Is Your Big Data Project a “Weapon of Math Destruction”? - IEEE Spectrum - Oct 2016
"But amid all the excitement, we’re beginning to see hints that our nice, tidy algorithms and predictive models might be prone to the same shortcomings that the humans who create them are. Take, for example, the revelation that Google disproportionately served ads for high-paying jobs to men rather than women. And there’s the troubling recent discovery that a criminal risk assessment score disproportionately flagged many African Americans as higher risk, sometimes resulting in longer prison sentences."

"One of the things that makes big data so attractive is the assumption that it’s eliminating human subjectivity and bias. After all, you’re basing everything on hard numbers from the real world, right? Wrong. Predictive models and algorithms, says author Cathy O’Neil, are really just “opinions embedded in math.” "
AI  algorithms  morality  ethics  values  books  interviews 
october 2016 by pierredv
Lionel Shriver’s Address on Cultural Appropriation Roils a Writers Festival - The New York Times
"Officials in charge of an Australian writers festival were so upset with the address by their keynote speaker, the American novelist Lionel Shriver, that they publicly disavowed her remarks.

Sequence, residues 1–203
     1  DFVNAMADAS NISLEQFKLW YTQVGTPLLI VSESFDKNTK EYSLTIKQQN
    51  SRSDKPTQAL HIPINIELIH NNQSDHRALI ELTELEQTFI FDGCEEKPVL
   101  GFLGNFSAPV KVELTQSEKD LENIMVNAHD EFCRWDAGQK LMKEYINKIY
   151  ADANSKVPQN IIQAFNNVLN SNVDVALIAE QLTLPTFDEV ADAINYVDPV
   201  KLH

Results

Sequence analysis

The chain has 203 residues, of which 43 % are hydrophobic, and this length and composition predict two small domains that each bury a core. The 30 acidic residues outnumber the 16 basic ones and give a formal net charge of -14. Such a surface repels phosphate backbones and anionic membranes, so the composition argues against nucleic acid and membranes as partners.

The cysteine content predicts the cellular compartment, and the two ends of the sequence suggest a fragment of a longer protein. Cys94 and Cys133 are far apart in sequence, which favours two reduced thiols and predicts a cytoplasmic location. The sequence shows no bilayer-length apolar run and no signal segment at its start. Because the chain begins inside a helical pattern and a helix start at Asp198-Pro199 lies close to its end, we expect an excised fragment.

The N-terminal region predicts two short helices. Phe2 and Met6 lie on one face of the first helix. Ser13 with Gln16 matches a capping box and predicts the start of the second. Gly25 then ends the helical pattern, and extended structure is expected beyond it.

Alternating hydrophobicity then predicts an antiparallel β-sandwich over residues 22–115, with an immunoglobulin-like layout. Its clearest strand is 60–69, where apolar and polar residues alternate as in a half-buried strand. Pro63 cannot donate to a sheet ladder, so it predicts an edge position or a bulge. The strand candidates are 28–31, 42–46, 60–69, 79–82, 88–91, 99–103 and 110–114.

Links to her appearance were also temporarily unavailable on the festival website, leading supporters of Ms. Shriver to complain of censorship, but festival officials said it was only a technical malfunction on their website, which was repaired later."
books  censorship 
october 2016 by pierredv
New age nonsense seeks to censor writers’ imagination - Sep 2016
via Johan Myburgh, Skrywers & Boeke Sep 2016

"For those who missed the original brouhaha, American ­writer Shriver — actually, we should probably say the straight, white, female American writer, since it’s apparently important that we know all this before we read her books — was invited to give the opening ­address at the Brisbane Writers Festival."

"Then came the chilling aftermath. The festival organisers — ­director Julie Beveridge and her team — were shaken to the core, not by Shriver’s speech but by the idea that people were offended. There were meetings behind closed doors and in the writers’ green room where I sat watching as they grappled with what to do."
censorship  books  opinion 
october 2016 by pierredv
Book Review: Patry on Copyright
"In the current environment of rapid technological change, copyright law and ‘controversy’ go hand in hand. The recent history of the intersection between copyright and technology – from the videocassette recorder to Internet file sharing – is full of charges that copyright law is either too full of loopholes, or wholly inadequate, to provide the technological neutrality needed in legislation for the digital age.